Speaking to Reuters, Agnelli said that he had heard “speculation” that “if six teams would have broken away and would have threatened the EPL [English Premier League], politics would have seen that as an attack to Brexit and their political scheme.”
In the days after the league was announced, the British Conservative government had vowed to fight the plans. Prime Minister Boris Johnson branded the league a “cartel” and promised to drop a “legislative bomb” on the teams planning to break away which could have led to their expulsion from the Premier League.
Eventually, the government didn’t need to take any action as Arsenal, Chelsea, Liverpool, Manchester City, Manchester United and Tottenham Hotspur all distanced themselves from the league by Wednesday morning meaning that it couldn’t effectively go ahead.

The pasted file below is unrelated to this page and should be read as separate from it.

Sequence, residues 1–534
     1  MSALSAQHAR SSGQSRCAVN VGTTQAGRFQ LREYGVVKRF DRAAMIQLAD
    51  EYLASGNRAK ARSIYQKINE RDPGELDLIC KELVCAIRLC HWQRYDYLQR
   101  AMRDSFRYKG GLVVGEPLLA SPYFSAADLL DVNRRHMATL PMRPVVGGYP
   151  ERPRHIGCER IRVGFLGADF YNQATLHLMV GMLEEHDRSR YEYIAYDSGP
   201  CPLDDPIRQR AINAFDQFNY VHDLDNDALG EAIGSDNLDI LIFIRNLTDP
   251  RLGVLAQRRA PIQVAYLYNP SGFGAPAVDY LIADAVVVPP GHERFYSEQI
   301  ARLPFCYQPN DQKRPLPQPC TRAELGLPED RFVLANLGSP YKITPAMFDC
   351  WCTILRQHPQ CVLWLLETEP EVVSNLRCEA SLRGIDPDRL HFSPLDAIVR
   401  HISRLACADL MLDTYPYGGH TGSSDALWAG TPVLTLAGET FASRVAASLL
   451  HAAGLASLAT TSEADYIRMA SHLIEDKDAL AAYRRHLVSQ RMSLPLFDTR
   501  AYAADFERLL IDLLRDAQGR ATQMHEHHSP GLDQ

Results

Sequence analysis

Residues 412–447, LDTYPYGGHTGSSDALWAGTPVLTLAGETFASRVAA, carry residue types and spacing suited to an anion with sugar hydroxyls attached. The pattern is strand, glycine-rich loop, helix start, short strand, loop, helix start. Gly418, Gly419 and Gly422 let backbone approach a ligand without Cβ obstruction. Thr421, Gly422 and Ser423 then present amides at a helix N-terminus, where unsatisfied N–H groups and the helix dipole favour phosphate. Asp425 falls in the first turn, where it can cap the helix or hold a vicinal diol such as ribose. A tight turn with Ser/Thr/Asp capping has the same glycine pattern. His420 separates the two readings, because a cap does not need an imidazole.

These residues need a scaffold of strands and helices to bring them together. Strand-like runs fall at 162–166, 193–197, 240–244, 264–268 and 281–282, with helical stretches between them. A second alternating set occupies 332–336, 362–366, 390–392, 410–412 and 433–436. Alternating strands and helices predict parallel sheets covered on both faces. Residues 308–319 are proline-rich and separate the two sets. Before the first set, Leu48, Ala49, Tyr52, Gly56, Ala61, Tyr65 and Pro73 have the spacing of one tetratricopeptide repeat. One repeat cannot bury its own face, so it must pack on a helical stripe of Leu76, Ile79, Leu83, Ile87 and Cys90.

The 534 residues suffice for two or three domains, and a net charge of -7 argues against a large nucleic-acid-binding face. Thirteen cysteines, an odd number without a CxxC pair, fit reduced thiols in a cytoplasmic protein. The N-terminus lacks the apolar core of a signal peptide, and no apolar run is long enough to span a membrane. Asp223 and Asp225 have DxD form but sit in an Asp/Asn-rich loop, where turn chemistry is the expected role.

Agnelli also suggested that a number of teams had perhaps been dishonest about their interest in the league. He added: “I’m not going to say how many clubs contacted me in just 24 hours asking if they could join. Maybe they lied, but I was contacted by a number of teams asking what they could do to join.”
The Real Madrid president, Florentino Perez, has since said that the plans for the league are now on “standby” but that the maligned competition was actually created to “save football” which was interpreted that way by many fans and pundits who voiced their outrage following the announcement.